Dambadeniya- Kandyan, periods
So with this tree trunk, a foot-bridge came into existence, attributed originally to the Dambadeniya period (circa 1220-1283 A D.) Bogoda had its etymology from the presence of a few Bo trees that were lined along the ancient trails that blazed to Mahiyangane and Kandy. Even today a couple of these old Bo trees still stand as lone sentinels in mute testimony to this folklore surrounding the origin of Bogoda. Ruins of an ambalama (resting place of old) still appear to be seen at a place called Ruppebedda Udameyama Gamana which had stood on this old vanished trail to Bogoda. During the Kandyan period in the reign of the last King of Kandy, Sri Wickrama Rajasinghe, this bridge was transformed into its present state with railings, wooden planks and a roof clad with flat tiles. Its length is about 40 feet. Originally the wooden pillars had stood on slabs of rock (at its exit) which in later years had been constructed on a concrete abutment as seen now. Its entrance has been cut through an outcrop of rock through which passage the access to the bridge is gained. The wooden bridge at this end rests on this rock outcrop. The floor of the bridge has plank. The wooden railings stand on 10 dwarfed wooden pillars on either side. Lying below the rock temple and the wooden bridge is the temple premises (priests’ Avasa or residence) sheltering under the arbour of coconut and arecanut palms.
The rock temple appears to date back to Valagamba’s reign in exile (1st Century B.C., also known as Vattagamani). During Valagamba’s reign, the country was in turmoil with foreign invasions and local rebellions hostile to his rule. Our chronicles tell us that the Tamils ruled for 15 years while he was in exile, and at the end of this fifteen – year exile from the throne, Vattagamani Abhaya or Valagam Bahu vanquished the Tamils in a decisive victory, and emancipated ancient Lanka from the yoke of foreign oppression. Valagam Bahu has been spoken of in our ancient chronicles and in our folk poems that during his period of exile, he always sought sanctuary in the rock caves nestling in the recess of the forests. Tradition holds the view that this rock temple was the hideout of Valagam Bahu and the construction of the temple and the reclining Buddha statue 18 feet in length have been attributed to his meritorious works. The tunnel too is believed to terminate through its abysal sub terranean dark passage near the Narangala hill range. Another amusing legend surrounds this tunnel. It is said that when a certain Buddhist priest was there, a dog had chased an animal and the priest too followed its spoor, only to find its terminus was near the Narangala hill range.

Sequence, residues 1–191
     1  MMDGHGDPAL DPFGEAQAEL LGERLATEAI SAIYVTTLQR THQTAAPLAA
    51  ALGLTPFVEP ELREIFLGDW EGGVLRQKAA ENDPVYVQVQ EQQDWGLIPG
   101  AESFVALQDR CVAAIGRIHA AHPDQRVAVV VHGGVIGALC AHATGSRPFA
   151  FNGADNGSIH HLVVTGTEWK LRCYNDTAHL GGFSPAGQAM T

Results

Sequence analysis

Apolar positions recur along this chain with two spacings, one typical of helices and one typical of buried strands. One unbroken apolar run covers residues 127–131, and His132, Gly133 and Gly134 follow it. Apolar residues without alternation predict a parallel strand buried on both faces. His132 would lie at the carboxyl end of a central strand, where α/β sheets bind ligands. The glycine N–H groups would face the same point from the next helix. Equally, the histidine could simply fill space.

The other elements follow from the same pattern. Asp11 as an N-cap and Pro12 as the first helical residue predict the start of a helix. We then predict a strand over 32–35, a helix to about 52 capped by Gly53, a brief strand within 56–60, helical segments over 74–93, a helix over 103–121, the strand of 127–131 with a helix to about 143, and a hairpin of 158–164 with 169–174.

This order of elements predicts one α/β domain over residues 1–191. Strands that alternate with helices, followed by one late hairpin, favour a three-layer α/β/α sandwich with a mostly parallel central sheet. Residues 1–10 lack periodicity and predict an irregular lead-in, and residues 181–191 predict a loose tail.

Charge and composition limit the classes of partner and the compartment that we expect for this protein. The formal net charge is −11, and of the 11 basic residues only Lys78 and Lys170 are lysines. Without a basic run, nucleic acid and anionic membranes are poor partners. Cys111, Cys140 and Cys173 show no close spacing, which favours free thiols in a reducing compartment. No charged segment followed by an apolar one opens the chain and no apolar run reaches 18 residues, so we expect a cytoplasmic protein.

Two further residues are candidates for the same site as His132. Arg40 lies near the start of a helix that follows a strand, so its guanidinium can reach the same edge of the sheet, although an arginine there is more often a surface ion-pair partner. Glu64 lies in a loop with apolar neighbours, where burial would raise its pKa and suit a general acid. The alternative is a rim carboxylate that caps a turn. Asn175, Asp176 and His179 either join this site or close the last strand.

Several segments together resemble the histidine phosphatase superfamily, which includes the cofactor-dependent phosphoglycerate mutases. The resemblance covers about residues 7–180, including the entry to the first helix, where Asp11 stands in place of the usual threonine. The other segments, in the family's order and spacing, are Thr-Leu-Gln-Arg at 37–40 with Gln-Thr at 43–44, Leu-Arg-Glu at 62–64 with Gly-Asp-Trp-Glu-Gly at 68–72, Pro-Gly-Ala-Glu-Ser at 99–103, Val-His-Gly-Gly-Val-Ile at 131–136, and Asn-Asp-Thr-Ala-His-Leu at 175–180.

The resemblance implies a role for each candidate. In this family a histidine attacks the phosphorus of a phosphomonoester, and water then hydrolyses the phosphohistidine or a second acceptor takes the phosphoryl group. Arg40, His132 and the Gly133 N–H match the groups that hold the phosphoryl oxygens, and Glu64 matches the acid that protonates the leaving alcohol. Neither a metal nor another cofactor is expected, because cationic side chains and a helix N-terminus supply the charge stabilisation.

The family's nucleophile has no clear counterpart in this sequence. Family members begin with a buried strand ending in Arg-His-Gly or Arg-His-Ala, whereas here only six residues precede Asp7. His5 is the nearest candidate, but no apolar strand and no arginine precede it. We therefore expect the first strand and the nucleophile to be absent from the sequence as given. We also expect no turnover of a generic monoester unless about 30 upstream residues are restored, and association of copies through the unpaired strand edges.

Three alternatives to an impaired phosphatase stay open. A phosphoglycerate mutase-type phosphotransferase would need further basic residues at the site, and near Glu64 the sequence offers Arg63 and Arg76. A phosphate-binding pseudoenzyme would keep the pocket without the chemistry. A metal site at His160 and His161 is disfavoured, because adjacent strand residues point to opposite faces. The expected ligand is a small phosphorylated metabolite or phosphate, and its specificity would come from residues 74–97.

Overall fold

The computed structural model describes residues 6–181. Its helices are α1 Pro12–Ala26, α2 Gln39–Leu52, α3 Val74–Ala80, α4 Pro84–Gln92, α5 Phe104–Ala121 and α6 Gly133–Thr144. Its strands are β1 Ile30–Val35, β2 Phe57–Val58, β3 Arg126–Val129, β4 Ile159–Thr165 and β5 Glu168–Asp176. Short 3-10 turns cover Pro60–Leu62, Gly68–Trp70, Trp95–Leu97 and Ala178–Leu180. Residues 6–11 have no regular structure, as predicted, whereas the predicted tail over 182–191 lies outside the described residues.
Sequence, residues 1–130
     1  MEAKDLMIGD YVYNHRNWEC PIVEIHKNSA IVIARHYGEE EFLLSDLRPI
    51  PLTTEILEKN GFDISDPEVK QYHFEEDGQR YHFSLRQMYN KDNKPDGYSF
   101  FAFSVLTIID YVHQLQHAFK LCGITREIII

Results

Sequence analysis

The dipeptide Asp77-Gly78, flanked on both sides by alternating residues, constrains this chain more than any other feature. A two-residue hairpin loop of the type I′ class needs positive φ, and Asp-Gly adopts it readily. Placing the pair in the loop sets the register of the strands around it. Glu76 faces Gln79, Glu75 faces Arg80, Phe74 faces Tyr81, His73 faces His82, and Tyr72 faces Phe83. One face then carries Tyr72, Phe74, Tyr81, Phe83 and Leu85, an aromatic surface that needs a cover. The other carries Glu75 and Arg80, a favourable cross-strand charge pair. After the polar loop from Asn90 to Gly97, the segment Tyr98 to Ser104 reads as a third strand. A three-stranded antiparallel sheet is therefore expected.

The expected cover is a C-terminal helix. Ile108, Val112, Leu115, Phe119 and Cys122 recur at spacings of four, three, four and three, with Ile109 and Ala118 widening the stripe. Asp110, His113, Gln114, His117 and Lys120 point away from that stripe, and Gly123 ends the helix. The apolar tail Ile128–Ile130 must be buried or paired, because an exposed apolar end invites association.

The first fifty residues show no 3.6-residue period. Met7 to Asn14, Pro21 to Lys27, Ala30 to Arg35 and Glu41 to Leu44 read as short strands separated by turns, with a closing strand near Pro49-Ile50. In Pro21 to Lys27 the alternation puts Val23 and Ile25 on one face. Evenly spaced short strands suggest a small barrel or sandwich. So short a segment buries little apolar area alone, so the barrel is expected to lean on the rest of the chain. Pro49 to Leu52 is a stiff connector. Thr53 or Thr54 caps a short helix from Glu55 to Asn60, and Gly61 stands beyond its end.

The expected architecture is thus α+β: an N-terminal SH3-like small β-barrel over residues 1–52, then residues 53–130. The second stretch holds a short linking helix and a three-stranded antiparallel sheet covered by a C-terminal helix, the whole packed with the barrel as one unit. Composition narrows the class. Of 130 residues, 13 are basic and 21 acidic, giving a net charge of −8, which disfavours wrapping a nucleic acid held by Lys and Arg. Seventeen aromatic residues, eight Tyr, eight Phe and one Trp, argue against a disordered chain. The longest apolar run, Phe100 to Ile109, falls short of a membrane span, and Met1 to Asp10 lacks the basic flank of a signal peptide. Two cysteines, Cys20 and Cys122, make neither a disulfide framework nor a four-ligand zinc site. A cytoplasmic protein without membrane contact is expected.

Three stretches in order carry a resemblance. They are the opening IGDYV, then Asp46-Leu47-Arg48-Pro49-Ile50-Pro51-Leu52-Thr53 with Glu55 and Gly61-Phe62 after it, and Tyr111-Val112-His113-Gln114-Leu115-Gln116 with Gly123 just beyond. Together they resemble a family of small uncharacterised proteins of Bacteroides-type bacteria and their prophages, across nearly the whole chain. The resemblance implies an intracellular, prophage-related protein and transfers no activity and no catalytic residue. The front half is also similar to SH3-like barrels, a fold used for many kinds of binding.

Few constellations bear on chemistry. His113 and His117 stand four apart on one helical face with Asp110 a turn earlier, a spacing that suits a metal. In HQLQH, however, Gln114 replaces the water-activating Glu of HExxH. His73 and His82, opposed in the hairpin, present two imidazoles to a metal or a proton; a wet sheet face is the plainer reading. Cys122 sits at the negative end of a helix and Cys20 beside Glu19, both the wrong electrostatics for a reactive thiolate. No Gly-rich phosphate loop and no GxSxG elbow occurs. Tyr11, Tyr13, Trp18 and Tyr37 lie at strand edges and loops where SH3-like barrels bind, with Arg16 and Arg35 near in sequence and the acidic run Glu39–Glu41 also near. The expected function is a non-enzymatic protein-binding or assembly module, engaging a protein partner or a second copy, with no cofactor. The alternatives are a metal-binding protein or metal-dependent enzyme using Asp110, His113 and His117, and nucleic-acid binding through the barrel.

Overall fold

Brahmi inscriptions & Frescoes
The Brahmi inscriptions, the present incumbent told us have been only partly deciphered. It refers to as, “one Brammadatta (Tissa’s son) who is the legal custodian of the temple gifted to the four corners of Lanka”. The wooden bridge is under the custody of the Archaeological Department. The fascinating mural paintings and the frescoes appearing in the cave ceiling have been vividly described in folk poems coming down from times of old. In a sannasa presented to the the temple by the last King of Kandy, Sri Wickrama Rajasinghe, it is recorded (as disclosed to us by the present incumbent of the temple) that the King had decreed to have a monastery built and gifted with lands. (FROM A MAHAWELI NEWS LETTER)